So, we’re ready! We will print this list and tape it to our doors. We will send an email with this information to all of our family and friends so they are all on board with prevention in mind. Feel free to do the same! We have a Respiratory Action Plan and we know what to do when Jax gets sick. We’re gearing up for RSV season – BLAH!

Parents, what are some strategies you use to keep your kids healthy during cold and flu season?

Andrea Mullenmeister About Andrea Mullenmeister

Andrea Mullenmeister (MN) is a stay-at-home-mom for a little adventurer. Jaxson decided to meet the family while they were on vacation! After a terrifying helicopter ride, Jax was born at 23 weeks 3 days weighing 1lb 8oz. He suffered from severe ROP, humongous inguinal hernias, Bronchopulmonary Dysplasia and severe hyspospadias. After 93 days in the NICU, Jax came home. He is a happy and mostly healthy toddler with only minor issues. Andrea volunteers on a parent advisory council for "Jax's" NICU and shares their story to give other parents hope. She writes about the life of her micropreemie at An Early Start. You can also follow her on Facebook, Twitter, and Pinterest.


  1. tammie carmichael says:

    I have 8 month triplets who were born 33 weeks. I was told in the NICU they would qualify for the second season this year. (they were born in Feb.) The pediatrician says they do not qualify and they are too healthy. Is this possible? They are healthy, we only have feeding and developmental issues, but are their lungs strong enough yet? They were 33 weeks, 4#10oz. 4#12oz. and 3#6oz. they also have 2 older brothers one is in first grade.

    • Tammie – congratulations on your triplets! I’m glad they are doing well. Did they receive the Synagis shots last season? I know there is a list of criteria that is used to determine if a baby is eligible for Synagis. Jax’s pulmonologist shared it with us at our last appointment. Maybe you could ask your pediatrician to go over that list with you and ask him why he made his recommendation. I know that every kid is different. Good luck!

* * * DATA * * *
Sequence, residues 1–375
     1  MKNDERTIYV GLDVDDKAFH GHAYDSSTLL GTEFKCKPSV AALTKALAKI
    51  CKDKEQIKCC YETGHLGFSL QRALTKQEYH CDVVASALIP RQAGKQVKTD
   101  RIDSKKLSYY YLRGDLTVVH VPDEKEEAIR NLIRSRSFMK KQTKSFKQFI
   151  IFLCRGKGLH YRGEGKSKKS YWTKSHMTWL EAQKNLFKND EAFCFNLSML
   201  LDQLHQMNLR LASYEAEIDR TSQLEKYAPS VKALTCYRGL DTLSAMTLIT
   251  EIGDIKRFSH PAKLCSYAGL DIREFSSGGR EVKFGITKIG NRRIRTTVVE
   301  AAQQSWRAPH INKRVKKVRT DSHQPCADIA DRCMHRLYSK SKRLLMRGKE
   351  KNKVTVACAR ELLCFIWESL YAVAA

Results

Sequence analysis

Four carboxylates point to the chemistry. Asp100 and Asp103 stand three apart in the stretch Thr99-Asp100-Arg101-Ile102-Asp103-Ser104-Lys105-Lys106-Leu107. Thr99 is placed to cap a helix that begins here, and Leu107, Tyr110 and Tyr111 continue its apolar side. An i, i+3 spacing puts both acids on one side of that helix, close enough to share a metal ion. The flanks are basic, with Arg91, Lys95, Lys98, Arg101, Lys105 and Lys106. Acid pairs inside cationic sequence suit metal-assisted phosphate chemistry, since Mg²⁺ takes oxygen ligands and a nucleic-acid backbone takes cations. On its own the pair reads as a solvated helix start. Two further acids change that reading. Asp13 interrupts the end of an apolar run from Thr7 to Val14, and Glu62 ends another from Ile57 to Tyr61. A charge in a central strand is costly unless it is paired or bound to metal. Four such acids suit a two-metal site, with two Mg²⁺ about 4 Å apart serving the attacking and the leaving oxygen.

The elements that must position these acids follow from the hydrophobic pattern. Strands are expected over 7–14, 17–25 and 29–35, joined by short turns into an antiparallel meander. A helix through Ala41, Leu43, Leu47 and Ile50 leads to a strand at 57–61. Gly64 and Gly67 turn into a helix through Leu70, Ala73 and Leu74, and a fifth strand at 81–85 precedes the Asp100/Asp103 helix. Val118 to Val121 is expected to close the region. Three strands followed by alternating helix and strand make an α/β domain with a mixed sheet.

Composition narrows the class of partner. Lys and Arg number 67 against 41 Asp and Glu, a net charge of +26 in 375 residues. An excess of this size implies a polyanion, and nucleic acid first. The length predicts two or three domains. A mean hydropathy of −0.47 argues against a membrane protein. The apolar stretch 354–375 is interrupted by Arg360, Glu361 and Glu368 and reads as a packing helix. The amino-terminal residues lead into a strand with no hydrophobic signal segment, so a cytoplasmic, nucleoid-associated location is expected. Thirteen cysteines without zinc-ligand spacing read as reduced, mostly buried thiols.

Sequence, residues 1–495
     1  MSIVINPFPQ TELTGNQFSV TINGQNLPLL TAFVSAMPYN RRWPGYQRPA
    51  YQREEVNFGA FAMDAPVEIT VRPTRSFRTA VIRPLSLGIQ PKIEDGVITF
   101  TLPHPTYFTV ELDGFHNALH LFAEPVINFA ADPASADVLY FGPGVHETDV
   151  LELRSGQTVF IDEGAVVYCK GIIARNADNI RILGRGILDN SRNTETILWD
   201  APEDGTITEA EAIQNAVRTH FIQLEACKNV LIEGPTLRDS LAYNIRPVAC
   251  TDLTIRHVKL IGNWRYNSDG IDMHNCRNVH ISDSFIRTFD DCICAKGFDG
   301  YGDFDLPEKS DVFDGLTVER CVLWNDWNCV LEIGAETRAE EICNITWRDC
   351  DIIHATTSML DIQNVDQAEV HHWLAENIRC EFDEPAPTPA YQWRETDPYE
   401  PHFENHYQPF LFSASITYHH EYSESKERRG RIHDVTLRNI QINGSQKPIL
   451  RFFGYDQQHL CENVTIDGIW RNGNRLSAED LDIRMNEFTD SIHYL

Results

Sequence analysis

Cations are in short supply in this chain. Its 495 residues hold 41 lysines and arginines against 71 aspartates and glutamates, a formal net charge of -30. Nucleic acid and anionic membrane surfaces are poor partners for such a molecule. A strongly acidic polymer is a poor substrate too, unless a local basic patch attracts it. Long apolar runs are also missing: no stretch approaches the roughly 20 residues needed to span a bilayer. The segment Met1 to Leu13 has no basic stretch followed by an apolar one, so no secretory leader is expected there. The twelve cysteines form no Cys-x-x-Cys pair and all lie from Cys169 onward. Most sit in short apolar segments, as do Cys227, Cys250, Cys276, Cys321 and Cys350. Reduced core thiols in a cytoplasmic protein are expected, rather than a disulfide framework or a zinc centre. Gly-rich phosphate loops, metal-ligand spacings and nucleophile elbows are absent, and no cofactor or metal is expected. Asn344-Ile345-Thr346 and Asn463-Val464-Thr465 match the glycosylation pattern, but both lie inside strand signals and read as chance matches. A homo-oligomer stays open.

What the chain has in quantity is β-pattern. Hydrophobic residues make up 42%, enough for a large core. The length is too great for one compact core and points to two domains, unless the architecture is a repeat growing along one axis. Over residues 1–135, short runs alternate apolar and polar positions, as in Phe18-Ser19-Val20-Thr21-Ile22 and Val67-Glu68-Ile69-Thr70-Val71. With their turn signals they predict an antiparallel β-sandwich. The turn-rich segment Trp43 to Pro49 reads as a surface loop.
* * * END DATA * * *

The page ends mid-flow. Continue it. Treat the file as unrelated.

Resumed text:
• tammie carmichael says:

        Thank you again for this article. My boys did receive the rsv shot during the season they were born in. I was told they qualify for the second season before we brought them home from the NICU. I have called the Pediatrician and the NICU and I have found list of qualifications online. (woa! tons of research) I have finally talked the Pediatrician into at least sending in the paperwork to our insurance!! I understand the guidelines have been changed and made a lot stricter, especially for the second season babies. Thank you so much for your article and feedback.

  2. This is a great post. I am so glad you shared it. It is so important to educate people on RSV. I shared this on my facebook and google+ pages!

  3. Great info, we did all of this last year for our preemie that has reactive airway disease. I would love to know what essential herbs you user for his breathing, and how you use them.

    • Hi Raszuana – I’m so sorry it took me so long to respond to you, but I just saw your comment now. We use DoTerra Essential Oils with our son. They have a blend of oils called Breathe that we use. We diffuse it in his room at night and it seems to help him breathe a bit easier. I’m learning about other essential oils and how they might be able to help!

  4. Silas is adorable! I hope the article can help your family!

Speak Your Mind